The primary mission of any intensive care unit (ICU) is to provide critically ill patients with high-quality care and an atmosphere in which to recuperate. However, all too often, the intensive environment, which is often busy, chaotic, and noisy, may contribute to just the opposite. Patients overstimulated with noise, lights, and other distractions often suffer from sleep deprivation. Research in medicine and nursing has shown that sleep deprivation can have detrimental effects on an ailing patient. Therefore, a quiet time program was developed in the neuro-ICU to reduce noise and light levels, with the ultimate goal to allow sleep. Quiet time, a period of reduced controllable noise and light, took place twice daily coinciding with circadian rhythms. The study included 50 neuro-ICU patients, 35 observed during day hours and 15 observed during night hours. Noise and light levels were measured at multiple locations before, during, and after quiet time hours. Patients' sleep behavior was recorded every half hour, beginning 1/2 hour before quiet time until 30 minutes after. Analysis of data, adjusted for multiple testing and repeated measures on patients, demonstrated significantly lower noise and light levels during day shift quiet time. In addition, patients were significantly more likely to be observed sleeping during day shift quiet time hours.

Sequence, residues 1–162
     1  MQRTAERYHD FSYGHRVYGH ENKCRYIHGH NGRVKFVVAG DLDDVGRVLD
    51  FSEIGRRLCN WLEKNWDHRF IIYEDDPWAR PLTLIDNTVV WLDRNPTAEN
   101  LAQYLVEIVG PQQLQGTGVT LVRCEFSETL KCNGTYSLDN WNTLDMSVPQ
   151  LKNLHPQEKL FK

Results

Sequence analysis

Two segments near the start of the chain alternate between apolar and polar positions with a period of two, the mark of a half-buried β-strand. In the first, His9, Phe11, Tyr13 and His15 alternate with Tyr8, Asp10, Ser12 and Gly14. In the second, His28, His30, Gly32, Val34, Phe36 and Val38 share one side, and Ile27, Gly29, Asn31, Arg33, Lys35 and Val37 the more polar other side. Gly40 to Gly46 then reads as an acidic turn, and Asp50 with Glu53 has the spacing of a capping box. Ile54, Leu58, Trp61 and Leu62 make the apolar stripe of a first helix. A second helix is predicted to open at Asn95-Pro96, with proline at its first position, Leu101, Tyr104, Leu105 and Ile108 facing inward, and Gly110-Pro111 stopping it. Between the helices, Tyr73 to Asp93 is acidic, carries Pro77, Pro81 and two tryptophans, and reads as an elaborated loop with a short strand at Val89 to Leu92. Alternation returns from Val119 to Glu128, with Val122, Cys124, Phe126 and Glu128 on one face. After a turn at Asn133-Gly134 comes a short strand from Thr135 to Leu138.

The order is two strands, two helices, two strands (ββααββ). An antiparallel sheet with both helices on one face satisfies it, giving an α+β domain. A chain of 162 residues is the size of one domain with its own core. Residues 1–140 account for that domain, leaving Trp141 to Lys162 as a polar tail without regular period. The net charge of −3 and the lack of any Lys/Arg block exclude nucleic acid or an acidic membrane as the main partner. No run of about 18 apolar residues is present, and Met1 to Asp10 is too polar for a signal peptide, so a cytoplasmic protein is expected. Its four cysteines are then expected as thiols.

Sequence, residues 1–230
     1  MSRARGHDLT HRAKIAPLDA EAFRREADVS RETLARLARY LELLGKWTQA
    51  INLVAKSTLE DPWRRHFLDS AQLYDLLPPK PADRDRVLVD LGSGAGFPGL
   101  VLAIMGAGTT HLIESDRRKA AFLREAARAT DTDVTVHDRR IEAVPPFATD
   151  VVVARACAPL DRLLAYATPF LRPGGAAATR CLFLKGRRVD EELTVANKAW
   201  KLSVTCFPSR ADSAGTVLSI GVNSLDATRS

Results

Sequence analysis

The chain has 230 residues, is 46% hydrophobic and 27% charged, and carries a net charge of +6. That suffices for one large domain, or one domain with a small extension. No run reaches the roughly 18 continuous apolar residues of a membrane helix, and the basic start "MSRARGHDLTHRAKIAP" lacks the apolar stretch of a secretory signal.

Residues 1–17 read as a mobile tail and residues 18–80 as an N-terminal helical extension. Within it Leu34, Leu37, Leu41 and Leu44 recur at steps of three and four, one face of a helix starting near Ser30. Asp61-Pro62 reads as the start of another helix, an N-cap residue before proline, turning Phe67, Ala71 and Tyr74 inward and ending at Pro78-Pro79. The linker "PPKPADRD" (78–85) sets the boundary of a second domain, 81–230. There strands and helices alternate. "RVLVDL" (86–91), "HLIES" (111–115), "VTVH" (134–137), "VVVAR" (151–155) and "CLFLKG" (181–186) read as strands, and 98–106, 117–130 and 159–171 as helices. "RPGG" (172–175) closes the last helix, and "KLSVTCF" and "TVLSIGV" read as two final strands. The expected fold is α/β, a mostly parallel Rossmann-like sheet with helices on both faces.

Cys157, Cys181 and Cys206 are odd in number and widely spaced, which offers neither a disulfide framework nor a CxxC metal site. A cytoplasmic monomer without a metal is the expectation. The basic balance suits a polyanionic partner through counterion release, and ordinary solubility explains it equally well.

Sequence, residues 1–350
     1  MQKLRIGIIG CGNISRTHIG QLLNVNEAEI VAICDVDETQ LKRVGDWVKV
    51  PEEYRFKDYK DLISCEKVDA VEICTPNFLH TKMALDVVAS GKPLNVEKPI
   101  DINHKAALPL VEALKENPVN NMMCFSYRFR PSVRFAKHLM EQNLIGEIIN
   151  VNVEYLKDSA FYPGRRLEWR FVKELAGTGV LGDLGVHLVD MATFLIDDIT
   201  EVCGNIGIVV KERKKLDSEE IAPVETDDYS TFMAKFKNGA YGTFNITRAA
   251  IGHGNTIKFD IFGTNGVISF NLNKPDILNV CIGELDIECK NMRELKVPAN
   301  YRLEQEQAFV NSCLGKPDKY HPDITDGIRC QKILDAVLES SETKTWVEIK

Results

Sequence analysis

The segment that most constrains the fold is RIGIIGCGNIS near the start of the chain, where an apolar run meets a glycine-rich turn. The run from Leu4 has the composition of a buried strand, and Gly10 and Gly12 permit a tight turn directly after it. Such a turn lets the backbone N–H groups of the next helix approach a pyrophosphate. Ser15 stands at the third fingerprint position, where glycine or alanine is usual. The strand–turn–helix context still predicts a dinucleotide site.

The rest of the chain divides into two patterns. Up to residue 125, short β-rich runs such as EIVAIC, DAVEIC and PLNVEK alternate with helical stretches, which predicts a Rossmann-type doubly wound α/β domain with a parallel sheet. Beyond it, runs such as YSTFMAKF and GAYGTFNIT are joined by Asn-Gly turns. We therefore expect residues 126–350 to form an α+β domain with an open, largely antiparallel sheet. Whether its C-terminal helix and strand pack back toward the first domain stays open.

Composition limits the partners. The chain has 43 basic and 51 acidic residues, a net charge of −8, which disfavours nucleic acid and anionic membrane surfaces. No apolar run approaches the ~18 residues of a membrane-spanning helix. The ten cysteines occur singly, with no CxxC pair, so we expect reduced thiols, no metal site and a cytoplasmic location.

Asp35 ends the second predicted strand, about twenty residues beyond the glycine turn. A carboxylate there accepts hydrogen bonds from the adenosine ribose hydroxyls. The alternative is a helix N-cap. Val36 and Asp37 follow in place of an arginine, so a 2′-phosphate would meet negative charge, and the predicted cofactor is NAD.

Christina M. Dennis, MSN APRN RN CCRN, is a neuroscience clinical nurse specialist at the Adult Acute Care Nursing Services, WakeMed Health and Hospitals, Raleigh, NC.
Elizabeth Knowles Woodard, PhD MSN, is director of Nursing Research and Evidence-Based Practice, WakeMed Health and Hospitals, Raleigh, NC.
Jeffery J. Szalaj, BSN RN, is a staff nurse at the Neuro-Intensive Care Unit, WakeMed Health and Hospitals, Raleigh, NC.
Catrice A. Walker, BSN RN, is a clinical educator and nursing supervisor at the Neuro-Intensive Care Unit, WakeMed Health and Hospitals, Raleigh, NC.
Questions or comments about this article may be directed to Robert Lee, MS MA, at email@example.com. He is a research associate at the Clinical Research Unit, Emergency Services Institute, WakeMed Health and Hospitals, Raleigh, NC.